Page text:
My daughter Elena makes her debut as an author. Our book, Elena Vanishing, tells the story of her struggles with adolescent anorexia nervosa, which almost killed her. You can read more about the story behind this memoir, as well as see more photos, on her website here.
This page contains the first chapter of Elena Vanishing.
I wake up in a panic, and acid churns in my stomach. A nurse has walked into my hospital room. I was asleep. How long was I asleep? How long has it been since I last reached for the makeup bag under my pillow? Does the nurse see a girl with a bright future ahead of her? Or does he see a sweaty, tearstained mess?
As it turns, out, I don't need to worry. All the nurse sees is my lunch tray. "You didn't eat any of this," he says. "You didn't even unwrap it."
I feel my face settle automatically into a polite, neutral expression: forehead smooth and lips curved slightly upward. And I hear my voice speak in the voice I save for strangers: slightly higher and more childlike than my normal voice, with a gentle lilt. People like that voice. They relax and smile when they hear it.
"I'm sorry," I say. "I fell asleep."
"So, if I leave it, will you eat it now?"
No. There's no way I can force that stuff down. This morning, I had three bites of pudding, and I'm still full. At the thought of more food, the familiar pains knife through me. But if I say that, I know what he'll think, so I purse my lips and arrange my face into a thoughtful expression.
"I don't know," I say. "I'm still sleepy. Maybe later, when I wake up again."
The nurse isn't happy with my answer. He growls and mutters as he takes my pulse and updates my chart.
I like this nurse. Yesterday he yelled at me, but I could tell he only did it because he was worried. Now he huffs, "Anorexia! You and my niece. Two beautiful girls, destroying your lives over a diet!"
I take careful note of the comment: beautiful. This nurse is the fifth person in the last four days to call me beautiful. But worry poisons my relief. What do I weigh now? I need to know the number that's made me beautiful.
"How's the heart?" asks the nurse. "Any pain in the chest?"
"No," I say, trying to keep annoyance out of my voice. That's because there's nothing wrong with my heart.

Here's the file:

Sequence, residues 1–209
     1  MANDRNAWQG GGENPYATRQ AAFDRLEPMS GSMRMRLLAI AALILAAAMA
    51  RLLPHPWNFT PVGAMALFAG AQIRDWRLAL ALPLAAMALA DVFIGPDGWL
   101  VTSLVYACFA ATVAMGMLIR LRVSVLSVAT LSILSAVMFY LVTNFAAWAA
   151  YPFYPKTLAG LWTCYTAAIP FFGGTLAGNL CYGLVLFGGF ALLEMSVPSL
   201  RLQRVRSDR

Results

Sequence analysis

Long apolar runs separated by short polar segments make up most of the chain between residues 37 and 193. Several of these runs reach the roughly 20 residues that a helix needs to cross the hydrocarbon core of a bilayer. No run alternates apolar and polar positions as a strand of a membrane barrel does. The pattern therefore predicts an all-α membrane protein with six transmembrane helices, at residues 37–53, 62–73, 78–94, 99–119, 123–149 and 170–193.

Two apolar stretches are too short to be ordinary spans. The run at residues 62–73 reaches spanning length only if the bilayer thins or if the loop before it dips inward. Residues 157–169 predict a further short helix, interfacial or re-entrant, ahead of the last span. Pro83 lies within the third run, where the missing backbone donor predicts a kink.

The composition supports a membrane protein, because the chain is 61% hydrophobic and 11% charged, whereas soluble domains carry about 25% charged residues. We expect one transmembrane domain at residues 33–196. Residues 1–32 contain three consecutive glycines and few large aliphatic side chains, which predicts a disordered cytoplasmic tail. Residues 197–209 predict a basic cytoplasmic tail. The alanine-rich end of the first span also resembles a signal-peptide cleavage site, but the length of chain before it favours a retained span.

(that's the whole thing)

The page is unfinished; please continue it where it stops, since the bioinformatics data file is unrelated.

"Are you noticing any tightness? Any shortness of breath?"
"No." Of course not! One echo exam, and everybody freaks. Doctors read those tests wrong all the time.
"Do you need anything?"
"No thank you," I say with a shake of my head and a smile, as if he's a waiter taking my order. I feel the smile stay smooth and perfect on my face until he leaves the room.
As soon as the nurse is out of sight, I double up in agony, clenching my teeth to keep from groaning out loud. If I make a sound, I know he'll hear me and come rushing back to help. And I don't want anyone's help.
Anger and bewilderment are forms of admiration. It's pity I can't stand. Pity wraps you up inside your problem until the problem is all people see. "Did you hear what happened to her?" they whisper behind your back. "Can you just imagine? No wonder!" And when you do something amazing, nobody's jealous anymore. They hug you and cry and call you brave, when what they really mean by that is damaged.
So I lie still and take deep, quiet breaths. Pain doesn't bother me. I'm not afraid. I'm used to living with pain.
He saw you looking like a mess, warns the voice in my head. You weren't careful enough. You let down your guard.
That's my conscience. We all have one. Mine never lets me settle for second best. There's no place in life for losers.
So, even though the pain in my stomach still has me clenching my teeth in agony, I pull the little makeup bag out from under my pillow and touch up my face in the compact mirror.
Perfection. That's what I want people to see when they look at me. Nothing but perfection.
Anger is honest. Hatred is a backhanded compliment. Envy is the best gift of all. But let them turn you into a victim and you're labeled for life.
Pity is the sea you drown in.